People will vote on a proposal for a legal cannabis market in 2020 with tightly controlled rules including special bars for consumption, special outlets for sales, and strict rules for home-grown cannabis.
Justice Minister Andrew Little made the much-anticipated announcement this morning, including proposals to limit the potency of products, and having a licensing regime to control all stages of the supply chain as well as all available products - including edibles and resins.
"Cabinet has agreed there will be a simple Yes/No question on the basis of a draft piece of legislation," Little said.
A bill will be drafted before the 2020 election, but will not be passed into law, calling into question whether the referendum will be binding, as announced by Little last year.
The bill will aim to reduce cannabis-related harm by protecting young people - whose brain development can be harmed by frequent cannabis use - offering health services to those that need them, and weakening the black market that currently peddles unregulated products to whoever can buy them.
It will not propose a for-profit model with relaxed regulation, which has been described by the Global Commission on Drug Policy as just as harmful as an unregulated black market.
It will not be a not-for-profit, state-controlled model such as in Uruguay.
Details are still being worked on, but the Herald understands the aim will be to have more controls than existing regimes such as the likes of California, where regulations make it easier for corporate players to operate in the market at the expense of small operators.
Little confirmed today that the referendum at the 2020 election will ask about support for a bill that details a regulated legal market.
It will include:
• Allowing products to be bought only in a licensed premise from a licensed and registered retailer, and banning online or remote sales
• A ban on using cannabis publicly, allowing it only in a special licensed premise or on private property
• Controls on the potency of cannabis in available products
• A legal purchase age will be 20
• Rules around private home-grown products and for sharing with those over 20
• A ban on advertising of cannabis products, and requiring products to carry health messages
• A state licensing regime to control the supply chain and the manufacture of all products, such as resins and edibles
• A ban on all imports of cannabis unless through a state-licensed wholesaler
Other details still being worked include the limit of potency, the rules of the licensing regime, the level of taxation and how much of that should fund health and addiction services, and whether cannabis-related convictions should disqualify a person from working in a legal market.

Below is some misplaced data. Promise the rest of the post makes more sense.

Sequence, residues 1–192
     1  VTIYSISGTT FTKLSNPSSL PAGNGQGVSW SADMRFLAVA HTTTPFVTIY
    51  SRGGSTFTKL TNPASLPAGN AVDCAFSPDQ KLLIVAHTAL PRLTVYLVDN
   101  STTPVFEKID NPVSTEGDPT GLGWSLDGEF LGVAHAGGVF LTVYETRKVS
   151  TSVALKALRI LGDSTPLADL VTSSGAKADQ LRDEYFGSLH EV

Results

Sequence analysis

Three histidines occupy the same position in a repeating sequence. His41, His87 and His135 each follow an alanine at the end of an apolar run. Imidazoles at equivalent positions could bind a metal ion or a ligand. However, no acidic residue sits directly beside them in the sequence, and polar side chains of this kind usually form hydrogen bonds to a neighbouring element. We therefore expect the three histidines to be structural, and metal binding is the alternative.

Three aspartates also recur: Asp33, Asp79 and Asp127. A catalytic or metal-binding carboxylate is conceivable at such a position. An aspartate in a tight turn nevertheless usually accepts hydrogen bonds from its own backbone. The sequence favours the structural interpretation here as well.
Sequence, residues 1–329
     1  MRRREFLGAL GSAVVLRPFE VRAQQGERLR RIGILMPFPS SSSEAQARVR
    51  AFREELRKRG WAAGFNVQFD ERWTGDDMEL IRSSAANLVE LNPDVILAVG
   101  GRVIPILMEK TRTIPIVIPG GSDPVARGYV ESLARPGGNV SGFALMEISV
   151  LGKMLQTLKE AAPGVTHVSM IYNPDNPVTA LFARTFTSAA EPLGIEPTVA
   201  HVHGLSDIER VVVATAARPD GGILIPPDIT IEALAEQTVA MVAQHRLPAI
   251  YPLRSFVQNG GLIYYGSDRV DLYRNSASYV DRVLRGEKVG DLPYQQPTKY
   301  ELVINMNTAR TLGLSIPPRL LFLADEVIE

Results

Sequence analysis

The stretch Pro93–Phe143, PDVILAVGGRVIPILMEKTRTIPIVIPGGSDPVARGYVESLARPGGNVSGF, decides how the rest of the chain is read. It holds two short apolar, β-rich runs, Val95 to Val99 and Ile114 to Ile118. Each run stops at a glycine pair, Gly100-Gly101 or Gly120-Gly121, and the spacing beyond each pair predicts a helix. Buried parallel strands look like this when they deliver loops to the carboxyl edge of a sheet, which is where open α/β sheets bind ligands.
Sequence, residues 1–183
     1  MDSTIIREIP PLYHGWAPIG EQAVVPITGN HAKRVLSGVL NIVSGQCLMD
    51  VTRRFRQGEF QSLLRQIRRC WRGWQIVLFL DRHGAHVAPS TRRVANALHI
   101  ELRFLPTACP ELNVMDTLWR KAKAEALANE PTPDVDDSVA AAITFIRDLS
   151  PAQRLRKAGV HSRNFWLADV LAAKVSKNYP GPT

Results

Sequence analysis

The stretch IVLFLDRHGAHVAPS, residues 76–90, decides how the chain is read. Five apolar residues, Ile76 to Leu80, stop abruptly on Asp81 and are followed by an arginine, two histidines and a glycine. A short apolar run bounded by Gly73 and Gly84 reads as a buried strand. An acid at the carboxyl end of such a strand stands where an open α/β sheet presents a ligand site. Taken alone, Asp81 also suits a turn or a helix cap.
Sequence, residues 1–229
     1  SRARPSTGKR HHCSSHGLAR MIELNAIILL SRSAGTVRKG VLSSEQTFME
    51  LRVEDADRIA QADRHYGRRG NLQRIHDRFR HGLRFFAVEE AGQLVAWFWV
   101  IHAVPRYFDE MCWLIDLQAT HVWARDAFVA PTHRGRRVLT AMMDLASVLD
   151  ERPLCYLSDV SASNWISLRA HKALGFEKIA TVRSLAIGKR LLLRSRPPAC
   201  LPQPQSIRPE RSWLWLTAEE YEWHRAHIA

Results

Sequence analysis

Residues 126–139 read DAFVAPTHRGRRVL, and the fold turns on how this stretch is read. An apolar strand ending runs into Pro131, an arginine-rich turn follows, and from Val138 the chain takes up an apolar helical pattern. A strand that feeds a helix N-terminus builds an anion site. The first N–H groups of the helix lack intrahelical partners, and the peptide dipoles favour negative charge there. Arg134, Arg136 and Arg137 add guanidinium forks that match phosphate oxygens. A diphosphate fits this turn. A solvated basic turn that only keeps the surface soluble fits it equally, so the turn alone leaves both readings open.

Finding the right balance will be critical, as too many restrictions, such as high prices or too high a purchase age, would be unlikely to weaken the black market.
National Party spokeswoman on drug law reform Paula Bennett agreed with the goal to reduce harm, but there were still many unknowns.
She had concerns that edibles would be legal, and asked how a ban on consuming them in public places would be enforced if they were, for example, gummy bear edibles.
She acknowledged that people currently used alcohol-soaked lollies.
"[But] you're not going to be absolutely drunk off a couple of vodka-soaked lollies, but you can get absolutely wasted on a few concentrated marijuana [edibles]."
She said it was too early to have a debate about legalisation.
"We should have waited to see the evidence from Canada who only legalised in October. Since a referendum has been promised, we believe the public should have as much information and certainty as possible. This option does not deliver that."
Green Party drug law reform spokeswoman Chloe Swarbrick said the draft bill would give voters clarity about what they will vote on.
"The Green Party supports a legal framework for cannabis - to bring it out of the shadows and the black market. We will take a practical, evidence-informed, health-based approach to reduce as much as possible the harm caused by drug use and addiction.
"We want to displace the black market. We will not stand to see it simply replaced with corporate control, like alcohol or tobacco."
Little said a draft bill should be ready towards the end of the year or the beginning of next year, with stakeholder experts invited to contribute.
The referendum is separate from medicinal cannabis, for which a law was passed last year and a regulatory regime is expected to come into force at the end of this year.